Book Review: He’s Not Autistic, But… by Tenna Merchent
I love reading autobiographies mom’s have written about raising a child with autism, and succeeding. Even though these books are not designed as a step by step guide, a lot of these books have forced me to step back and consider new options.
Tenna’s son Clay was a very sick little boy. But that actually was not that surprising, seeing as she herself was also very ill. One thing I find fascinating that you see in this book, a mother herself can be very sick, however its not until her child falls ill that she is going to stop at nothing to help her child.
I can relate a lot with Tenna’s story. The heartbreak when the doctors you have trusted cannot help your child. If you were like me, you were raise believing doctors have all the answers when it comes to your health. Get your shots and don’t ask any questions. Take your pills, the doctors know best.
What happens when there are no answers, or when your doctor doesn’t think there is a problem? But you know in your heart there is.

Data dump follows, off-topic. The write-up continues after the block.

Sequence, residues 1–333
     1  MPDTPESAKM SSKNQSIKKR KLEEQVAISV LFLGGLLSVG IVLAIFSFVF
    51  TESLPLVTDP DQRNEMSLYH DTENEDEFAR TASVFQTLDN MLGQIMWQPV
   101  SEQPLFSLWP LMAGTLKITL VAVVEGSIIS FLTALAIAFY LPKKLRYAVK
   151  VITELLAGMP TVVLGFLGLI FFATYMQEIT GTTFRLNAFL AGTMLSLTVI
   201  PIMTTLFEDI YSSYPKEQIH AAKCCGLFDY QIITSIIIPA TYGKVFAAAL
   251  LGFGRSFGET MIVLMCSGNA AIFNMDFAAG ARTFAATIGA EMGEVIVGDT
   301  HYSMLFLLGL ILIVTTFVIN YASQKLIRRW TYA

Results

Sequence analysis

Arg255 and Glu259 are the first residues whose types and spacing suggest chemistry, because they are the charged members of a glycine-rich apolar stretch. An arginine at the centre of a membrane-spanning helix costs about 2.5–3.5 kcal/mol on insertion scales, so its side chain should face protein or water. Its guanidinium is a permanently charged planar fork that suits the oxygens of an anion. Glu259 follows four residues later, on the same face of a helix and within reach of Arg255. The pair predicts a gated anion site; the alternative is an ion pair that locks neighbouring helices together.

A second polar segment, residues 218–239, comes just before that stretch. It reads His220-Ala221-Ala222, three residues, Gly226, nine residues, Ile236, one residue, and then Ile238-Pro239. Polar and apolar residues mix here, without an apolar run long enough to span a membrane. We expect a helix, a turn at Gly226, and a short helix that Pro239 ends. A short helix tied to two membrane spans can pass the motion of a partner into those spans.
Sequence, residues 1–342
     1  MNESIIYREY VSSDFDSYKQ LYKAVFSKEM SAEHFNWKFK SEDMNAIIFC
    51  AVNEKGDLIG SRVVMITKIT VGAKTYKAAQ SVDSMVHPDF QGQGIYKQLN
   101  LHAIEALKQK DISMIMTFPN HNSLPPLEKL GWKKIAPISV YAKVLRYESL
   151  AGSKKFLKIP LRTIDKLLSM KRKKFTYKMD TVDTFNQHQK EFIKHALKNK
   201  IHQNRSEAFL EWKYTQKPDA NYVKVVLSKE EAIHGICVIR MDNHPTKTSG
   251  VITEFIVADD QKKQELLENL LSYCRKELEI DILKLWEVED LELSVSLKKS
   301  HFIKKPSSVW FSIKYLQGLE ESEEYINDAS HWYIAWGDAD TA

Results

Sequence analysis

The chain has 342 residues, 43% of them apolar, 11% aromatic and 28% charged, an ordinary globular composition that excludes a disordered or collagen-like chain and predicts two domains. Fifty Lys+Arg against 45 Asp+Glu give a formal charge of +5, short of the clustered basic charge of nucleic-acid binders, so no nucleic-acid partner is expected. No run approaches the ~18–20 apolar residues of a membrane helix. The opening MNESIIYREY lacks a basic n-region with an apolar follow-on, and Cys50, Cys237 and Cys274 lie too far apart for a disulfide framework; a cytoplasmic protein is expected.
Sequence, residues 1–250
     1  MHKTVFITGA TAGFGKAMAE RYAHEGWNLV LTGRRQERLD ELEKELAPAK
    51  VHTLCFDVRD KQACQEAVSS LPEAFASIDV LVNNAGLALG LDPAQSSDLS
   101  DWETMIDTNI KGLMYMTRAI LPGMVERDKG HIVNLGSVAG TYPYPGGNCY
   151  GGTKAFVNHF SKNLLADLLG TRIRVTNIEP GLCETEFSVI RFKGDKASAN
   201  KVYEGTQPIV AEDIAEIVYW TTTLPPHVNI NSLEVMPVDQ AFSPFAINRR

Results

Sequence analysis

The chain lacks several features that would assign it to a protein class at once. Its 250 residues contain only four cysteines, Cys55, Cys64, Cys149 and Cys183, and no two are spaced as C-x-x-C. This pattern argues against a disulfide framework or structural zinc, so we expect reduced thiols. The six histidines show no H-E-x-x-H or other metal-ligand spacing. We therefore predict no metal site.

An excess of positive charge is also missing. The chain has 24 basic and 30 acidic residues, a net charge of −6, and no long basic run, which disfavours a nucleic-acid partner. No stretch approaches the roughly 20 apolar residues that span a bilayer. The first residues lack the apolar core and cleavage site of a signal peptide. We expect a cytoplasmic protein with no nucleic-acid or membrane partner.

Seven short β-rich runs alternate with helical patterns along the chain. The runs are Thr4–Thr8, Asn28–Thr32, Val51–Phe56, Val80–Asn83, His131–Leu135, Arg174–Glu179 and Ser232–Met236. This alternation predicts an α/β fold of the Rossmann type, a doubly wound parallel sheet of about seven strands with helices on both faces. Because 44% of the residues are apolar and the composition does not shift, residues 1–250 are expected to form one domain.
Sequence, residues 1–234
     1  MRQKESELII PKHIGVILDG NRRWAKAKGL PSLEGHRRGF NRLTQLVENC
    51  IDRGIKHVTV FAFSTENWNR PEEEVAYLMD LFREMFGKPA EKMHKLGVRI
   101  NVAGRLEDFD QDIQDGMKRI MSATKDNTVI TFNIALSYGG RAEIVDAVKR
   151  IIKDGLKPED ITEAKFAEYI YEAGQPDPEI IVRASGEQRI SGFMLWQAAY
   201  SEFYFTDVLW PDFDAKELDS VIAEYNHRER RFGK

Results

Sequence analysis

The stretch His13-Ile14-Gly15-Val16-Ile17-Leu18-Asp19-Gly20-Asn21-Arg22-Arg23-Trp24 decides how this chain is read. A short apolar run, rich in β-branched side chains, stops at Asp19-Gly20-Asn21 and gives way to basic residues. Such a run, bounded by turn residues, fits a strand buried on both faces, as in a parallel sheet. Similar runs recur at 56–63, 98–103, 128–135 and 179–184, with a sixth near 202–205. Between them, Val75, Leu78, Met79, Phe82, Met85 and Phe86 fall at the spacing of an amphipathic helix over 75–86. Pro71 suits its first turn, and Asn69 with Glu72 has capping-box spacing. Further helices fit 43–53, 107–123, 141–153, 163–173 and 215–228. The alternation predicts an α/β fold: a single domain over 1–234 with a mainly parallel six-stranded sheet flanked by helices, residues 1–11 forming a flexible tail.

Clay was not developing as he should have been, and while his doctor said he is not autistic, he was considered high risk to be autism. Hence the title of their book “He’s Not Autistic, But…”.
Between dealing with headbanging, allergies, yeast, chronic illness, and aluminum poor Clay was dealing with a lot.
One thing I really liked about this book is the chapter on Tenna’s infertility and difficulties during pregnancy(preeclampsia). While I did not suffer from infertility, I did suffer from preeclampsia. This puts a new perspective on the situation. As important for us to figure out how to help our kids with Autism, its equally important to figure out whats going on with our babies prenatally and try and prevent autism before birth. Interestingly enough there are now some studies suggesting that moms of children with autism were more than 2 times likely to have has suffered from preeclampsia. (Read Here)
The author, take the reader through step by step of what she did. What therapies she tried, her theories and what worked and what did not work for Clay. I think as a reader this insight is just pure gold. I know that it opened my eyes to different possibilities and because of her suggestions I explored other avenues with my boys. Its also worth noting, if you do read this book and read about one of the therapies that may not have yield the best results for Clay, but you feel strongly about it, still look into it. Some therapies work for one child and not another.